Colgate launches new support for green projects on campus

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Colgate’s Green Revolving Loan Fund is a newly-launched  initiative geared toward reducing the university’s carbon footprint, and staff in the Buildings and Grounds Department are already leading the way with the fund’s first energy-saving project.

The loan fund, which is seeded with $230,000, is designed to support significant physical upgrades that have a clear, measurable change in the university’s ecological impact.

“The requirements for each project is that they reduce our ecological or carbon footprint, and it has to have a return on investment,” said John Pumilio, director of the Office of Sustainability. “It has to save money and reduce our resource use, with an extra attention on carbon to help meet our carbon neutrality goal of 2019.”

Individuals with project ideas need to complete and submit a proposal to the Sustainability Council for review, and if the suggestion is approved, the fund finances the cost of the upgrades, and the savings from implementation go to pay back the loan, plus 20 percent, to grow the overall pool of money to fund future projects.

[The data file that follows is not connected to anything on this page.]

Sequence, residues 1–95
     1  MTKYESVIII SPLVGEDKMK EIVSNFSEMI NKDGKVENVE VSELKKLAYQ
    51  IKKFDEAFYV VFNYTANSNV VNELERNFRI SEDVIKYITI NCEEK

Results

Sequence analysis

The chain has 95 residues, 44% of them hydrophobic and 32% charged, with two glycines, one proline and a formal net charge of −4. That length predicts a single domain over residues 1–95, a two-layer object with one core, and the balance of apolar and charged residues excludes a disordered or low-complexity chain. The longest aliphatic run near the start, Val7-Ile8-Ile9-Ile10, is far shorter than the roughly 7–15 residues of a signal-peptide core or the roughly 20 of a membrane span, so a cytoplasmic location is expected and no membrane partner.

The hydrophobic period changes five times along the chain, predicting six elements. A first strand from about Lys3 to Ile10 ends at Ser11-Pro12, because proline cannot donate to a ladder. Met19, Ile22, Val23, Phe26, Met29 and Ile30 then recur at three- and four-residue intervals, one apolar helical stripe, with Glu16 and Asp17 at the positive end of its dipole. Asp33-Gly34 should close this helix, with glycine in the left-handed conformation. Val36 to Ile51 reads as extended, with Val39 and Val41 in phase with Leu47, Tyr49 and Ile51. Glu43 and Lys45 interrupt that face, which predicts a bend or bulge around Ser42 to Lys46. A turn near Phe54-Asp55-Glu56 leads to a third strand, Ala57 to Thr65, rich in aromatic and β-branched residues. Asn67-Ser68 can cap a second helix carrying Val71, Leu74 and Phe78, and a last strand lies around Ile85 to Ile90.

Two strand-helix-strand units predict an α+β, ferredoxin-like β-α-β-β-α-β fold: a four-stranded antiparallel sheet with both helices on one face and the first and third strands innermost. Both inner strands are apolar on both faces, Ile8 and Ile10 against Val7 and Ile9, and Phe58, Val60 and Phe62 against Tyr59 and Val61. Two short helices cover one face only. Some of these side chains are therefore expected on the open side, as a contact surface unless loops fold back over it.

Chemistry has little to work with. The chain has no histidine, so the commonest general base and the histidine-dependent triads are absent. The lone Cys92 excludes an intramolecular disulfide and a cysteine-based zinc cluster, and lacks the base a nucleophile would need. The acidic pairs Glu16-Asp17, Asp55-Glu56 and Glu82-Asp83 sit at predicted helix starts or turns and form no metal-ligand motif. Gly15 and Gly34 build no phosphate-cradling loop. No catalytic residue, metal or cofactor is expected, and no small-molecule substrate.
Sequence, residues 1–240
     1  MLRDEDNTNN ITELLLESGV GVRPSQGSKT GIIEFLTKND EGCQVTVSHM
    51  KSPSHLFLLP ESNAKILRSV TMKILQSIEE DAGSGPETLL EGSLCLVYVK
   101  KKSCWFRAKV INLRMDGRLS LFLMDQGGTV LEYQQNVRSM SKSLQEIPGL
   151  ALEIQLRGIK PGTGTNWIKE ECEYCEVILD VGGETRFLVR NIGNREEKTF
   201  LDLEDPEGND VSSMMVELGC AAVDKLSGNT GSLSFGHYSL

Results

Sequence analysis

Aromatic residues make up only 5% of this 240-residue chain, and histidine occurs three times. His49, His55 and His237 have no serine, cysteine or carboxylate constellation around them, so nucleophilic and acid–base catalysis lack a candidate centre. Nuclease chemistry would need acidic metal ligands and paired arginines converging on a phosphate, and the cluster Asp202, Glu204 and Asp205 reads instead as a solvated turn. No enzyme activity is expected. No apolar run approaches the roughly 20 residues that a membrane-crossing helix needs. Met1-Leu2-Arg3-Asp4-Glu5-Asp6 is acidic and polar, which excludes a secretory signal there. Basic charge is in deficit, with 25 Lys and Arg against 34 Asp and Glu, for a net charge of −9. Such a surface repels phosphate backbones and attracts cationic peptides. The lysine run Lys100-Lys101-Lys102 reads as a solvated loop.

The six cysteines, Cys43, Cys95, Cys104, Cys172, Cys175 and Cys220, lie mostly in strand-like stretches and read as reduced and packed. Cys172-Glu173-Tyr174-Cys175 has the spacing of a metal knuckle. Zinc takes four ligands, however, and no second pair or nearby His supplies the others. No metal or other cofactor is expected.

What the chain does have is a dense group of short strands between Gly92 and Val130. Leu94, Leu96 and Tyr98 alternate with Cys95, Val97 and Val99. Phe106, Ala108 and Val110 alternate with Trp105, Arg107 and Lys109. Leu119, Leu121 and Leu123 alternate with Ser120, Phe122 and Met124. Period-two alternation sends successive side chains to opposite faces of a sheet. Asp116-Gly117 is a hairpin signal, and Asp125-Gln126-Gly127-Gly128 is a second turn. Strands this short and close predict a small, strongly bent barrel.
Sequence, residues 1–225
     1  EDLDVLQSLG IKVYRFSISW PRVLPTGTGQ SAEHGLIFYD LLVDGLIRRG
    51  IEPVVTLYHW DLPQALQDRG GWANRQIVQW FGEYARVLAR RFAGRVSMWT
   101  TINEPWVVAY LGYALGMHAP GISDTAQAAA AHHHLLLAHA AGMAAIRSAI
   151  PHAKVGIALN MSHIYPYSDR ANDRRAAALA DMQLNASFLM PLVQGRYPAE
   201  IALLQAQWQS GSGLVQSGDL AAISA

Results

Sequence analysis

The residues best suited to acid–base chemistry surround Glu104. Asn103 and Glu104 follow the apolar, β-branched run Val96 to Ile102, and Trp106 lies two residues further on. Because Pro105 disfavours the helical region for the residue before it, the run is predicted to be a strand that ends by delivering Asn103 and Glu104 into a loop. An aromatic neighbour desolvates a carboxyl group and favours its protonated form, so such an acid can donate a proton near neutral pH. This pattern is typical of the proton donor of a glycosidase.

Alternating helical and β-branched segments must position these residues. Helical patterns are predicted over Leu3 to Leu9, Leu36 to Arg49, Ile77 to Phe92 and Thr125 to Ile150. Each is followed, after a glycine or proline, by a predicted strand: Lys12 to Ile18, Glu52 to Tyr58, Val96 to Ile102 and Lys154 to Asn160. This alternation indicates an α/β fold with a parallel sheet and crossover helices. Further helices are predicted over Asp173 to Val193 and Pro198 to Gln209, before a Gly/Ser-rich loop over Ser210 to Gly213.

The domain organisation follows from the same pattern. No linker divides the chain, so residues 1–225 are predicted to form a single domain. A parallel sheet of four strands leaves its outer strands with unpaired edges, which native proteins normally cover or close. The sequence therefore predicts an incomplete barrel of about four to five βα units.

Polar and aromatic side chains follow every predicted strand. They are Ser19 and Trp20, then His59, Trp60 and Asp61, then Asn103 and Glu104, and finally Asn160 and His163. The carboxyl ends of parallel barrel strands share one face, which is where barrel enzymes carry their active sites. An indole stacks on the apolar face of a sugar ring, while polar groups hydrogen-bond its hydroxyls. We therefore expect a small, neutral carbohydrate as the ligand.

The first identified green loan went to the replacement of 88 light bulbs in Little Hall. That $1,300 project will cut about 33,000 kilowatts of energy use each year, take less than a year to repay, and will save the university nearly $20,000 during the expected lifespan of the new energy-efficient bulbs.

“We’re starting small so we can understand how to best measure the effort. Because of the size of the fund and the abundance of projects that we could potentially take on, we are focused only on buildings and grounds projects right now, Pumilio said. “But in the future, I think we’ll be reviewing a lot of proposals from outside B+G.”

Colgate has committed to becoming carbon neutral in time for the university’s bicentennial. The revolving loan fund contributes to a concerted effort to improve building standards, increase recycling, reduce waste, and new programmatic offerings that enhances teaching and learning for long-term sustainability on campus.